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NCC's Edgar, Kireopoulos Travel to Honduras to Support Effort Against Illegal Logging

July 9, 2004, NEW YORK CITY - Two top staff of the National Council of Churches USA were part of a delegation of prominent U.S. citizens that accompanied a recent “March for Life” against illegal logging and related corruption in Honduras and helped win a meeting between Father Andrés Tamayo, who organized the march, and Honduran President Ricardo Maduro.

The Rev. Dr. Bob Edgar, NCC General Secretary, and Dr. Tony Kireopoulos, Associate General Secretary for International Affairs and Peace, spent June 30-July 2 in Tegucigalpa, Honduras, as part of the 10-member delegation organized by the Center for International Policy, a Washington, D.C.-based advocacy group. (Web site:

Bob Edgar with Mike FarrellOther delegation members included American University Chaplain Joseph Eldridge, chair of the Washington Office on Latin America; Allen Andersson, prominent businessman and former Peace Corps volunteer in Honduras; actor and human rights activist Mike Farrell (pictured, right, with NCC General Secretary Edgar); Kathleen Kennedy Townsend, former lieutenant governor of Maryland, and Ambassador Robert E. White, President of the Center for International Policy, who led the delegation.

“It’s a good role for the NCC to join with organizations like the Center for International Policy that are working from a secular point of view on justice issues,” Dr. Edgar said. “We brought a pastoral word of concern. We spoke alongside actors, politicians and ambassadors, raising the moral issues.”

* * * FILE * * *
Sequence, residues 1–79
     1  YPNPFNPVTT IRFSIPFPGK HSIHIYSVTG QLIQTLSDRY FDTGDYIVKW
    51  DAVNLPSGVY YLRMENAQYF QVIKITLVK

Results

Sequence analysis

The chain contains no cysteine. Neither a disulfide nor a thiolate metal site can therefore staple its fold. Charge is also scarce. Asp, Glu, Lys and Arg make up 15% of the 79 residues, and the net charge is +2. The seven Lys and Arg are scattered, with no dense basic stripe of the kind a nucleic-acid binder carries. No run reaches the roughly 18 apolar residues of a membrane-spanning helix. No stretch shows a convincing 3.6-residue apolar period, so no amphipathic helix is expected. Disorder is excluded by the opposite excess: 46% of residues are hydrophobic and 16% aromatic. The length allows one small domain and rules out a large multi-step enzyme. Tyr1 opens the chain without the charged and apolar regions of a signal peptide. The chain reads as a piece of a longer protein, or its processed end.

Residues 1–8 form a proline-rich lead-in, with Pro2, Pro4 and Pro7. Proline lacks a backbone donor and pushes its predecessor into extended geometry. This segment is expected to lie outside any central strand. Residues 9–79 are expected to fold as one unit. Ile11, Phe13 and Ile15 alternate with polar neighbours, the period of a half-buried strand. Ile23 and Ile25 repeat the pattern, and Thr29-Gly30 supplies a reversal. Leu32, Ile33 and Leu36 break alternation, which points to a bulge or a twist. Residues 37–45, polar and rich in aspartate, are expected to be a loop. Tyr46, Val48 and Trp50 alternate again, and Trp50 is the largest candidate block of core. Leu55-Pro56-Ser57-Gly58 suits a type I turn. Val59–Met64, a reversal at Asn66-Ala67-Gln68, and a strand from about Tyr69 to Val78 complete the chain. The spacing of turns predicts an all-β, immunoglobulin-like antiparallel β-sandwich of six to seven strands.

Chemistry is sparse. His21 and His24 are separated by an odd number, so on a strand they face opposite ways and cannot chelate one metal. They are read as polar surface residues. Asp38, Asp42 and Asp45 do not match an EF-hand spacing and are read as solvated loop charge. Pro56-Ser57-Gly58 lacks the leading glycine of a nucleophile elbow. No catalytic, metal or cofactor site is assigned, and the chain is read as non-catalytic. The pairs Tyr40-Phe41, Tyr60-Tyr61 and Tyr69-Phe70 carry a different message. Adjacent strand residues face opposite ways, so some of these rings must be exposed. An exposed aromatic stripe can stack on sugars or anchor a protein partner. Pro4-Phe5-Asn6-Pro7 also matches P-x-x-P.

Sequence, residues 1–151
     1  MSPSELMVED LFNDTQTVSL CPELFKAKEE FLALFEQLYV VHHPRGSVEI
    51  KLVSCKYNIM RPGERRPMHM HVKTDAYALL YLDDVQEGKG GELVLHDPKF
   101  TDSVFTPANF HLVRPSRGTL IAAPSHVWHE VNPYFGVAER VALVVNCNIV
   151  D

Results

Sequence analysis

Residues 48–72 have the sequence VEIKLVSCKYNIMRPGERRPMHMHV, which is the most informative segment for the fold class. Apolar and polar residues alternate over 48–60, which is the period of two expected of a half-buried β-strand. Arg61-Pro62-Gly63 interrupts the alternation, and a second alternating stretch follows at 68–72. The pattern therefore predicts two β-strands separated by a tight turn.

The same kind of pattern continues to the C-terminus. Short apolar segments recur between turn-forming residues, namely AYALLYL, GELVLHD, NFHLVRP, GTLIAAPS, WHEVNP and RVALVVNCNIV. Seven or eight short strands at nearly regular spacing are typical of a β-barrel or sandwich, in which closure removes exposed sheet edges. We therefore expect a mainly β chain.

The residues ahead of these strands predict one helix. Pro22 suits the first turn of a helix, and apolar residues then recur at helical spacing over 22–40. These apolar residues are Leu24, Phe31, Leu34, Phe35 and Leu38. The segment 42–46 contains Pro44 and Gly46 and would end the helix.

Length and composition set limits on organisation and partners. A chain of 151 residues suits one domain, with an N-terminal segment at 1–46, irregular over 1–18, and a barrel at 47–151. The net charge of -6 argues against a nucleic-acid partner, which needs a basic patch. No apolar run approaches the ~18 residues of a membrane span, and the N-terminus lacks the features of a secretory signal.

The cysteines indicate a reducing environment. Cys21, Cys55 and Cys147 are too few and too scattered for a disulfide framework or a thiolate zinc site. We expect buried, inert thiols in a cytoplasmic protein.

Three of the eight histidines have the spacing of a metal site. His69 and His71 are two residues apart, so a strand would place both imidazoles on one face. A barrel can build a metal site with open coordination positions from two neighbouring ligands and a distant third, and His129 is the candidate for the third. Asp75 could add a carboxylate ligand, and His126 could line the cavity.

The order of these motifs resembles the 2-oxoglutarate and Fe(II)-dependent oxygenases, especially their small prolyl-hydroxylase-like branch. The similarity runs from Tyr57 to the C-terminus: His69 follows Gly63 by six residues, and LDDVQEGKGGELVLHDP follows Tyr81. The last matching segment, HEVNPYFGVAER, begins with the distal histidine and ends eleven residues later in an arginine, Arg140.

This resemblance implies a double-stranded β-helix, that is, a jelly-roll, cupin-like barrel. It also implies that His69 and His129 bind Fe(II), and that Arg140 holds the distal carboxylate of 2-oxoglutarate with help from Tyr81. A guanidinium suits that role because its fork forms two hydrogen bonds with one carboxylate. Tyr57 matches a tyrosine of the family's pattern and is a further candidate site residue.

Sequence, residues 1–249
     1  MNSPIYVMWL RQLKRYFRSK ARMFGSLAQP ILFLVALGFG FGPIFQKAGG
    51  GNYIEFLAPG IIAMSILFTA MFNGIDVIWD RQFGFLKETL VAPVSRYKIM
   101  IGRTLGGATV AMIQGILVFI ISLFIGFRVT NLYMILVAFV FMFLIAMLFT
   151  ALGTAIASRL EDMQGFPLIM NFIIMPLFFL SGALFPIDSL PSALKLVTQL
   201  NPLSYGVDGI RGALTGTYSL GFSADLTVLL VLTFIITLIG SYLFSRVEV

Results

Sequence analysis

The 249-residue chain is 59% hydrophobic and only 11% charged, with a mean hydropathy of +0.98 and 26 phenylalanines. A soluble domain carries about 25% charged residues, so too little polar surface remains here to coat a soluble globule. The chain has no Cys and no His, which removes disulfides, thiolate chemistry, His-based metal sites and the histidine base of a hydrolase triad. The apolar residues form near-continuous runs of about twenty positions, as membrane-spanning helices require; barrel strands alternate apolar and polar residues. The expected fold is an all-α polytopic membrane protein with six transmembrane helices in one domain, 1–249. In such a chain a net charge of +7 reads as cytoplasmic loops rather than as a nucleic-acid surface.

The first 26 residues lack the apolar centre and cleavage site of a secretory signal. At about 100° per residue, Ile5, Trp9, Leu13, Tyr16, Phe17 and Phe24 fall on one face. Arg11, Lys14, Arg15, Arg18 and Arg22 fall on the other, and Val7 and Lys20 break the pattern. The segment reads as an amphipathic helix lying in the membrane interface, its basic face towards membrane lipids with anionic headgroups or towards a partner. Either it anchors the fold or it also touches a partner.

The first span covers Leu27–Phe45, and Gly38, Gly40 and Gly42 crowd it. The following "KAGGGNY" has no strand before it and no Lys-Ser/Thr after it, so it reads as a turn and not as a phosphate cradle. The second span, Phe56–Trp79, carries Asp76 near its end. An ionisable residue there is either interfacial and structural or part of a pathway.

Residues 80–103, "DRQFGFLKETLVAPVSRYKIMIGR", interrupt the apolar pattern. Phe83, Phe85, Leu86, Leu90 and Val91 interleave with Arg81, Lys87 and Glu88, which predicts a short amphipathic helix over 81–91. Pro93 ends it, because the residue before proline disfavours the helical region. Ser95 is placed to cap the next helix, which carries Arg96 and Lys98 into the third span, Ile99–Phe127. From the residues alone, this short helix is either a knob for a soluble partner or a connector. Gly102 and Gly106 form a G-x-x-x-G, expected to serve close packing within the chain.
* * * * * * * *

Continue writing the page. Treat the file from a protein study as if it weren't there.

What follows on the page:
Drs. Edgar and Kireopoulos also met with staff of the ecumenical Christian Commission on Development (CCD) and with a larger group of Honduran church leaders and members to discuss issues related to the U.S. delegation’s visit, including poverty, the environment and civic participation. (Pictured, below left: Edgar; CCD Director Noemi Espinosa; Kireopoulos, and Eldridge.)

Edgar, Espinosa, Kireopoulos, EldridgeThe focus of the “March for Life” was Olancho, Honduras’ largest department and home to a unique range of ecoystems. This area slightly larger than New Hampshire is one of the most environmentally threatened in the Americas. Uncontrolled logging has devastated the department’s forests, poisoned groundwater and caused water table levels to drop. While an elite few profit from the illegal logging, communities repeatedly are displaced in search of arable land, further deepening Honduras’ already extensive poverty.

The Center for International Policy is working with the Environmental Movement of Olancho, which Father Tamayo leads, and the Committee of the Families of the Detained-Disappeared in Honduras to protect Honduran forests and to take on the systemic corruption allowing the illegal ravaging to continue. Between 75 and 85 percent of hardwood (including premium-priced mahogany) and up to 50 percent of pine is illegally harvested, an estimated total of between $55 and $70 million a year.

The 2004 “March for Life” started at four different points around Honduras and converged in the capital city of Tegucigalpa on June 30. The thousands of marchers brought to the government their demands aimed at stopping illegal logging by involving communities in the management of local timber reserves.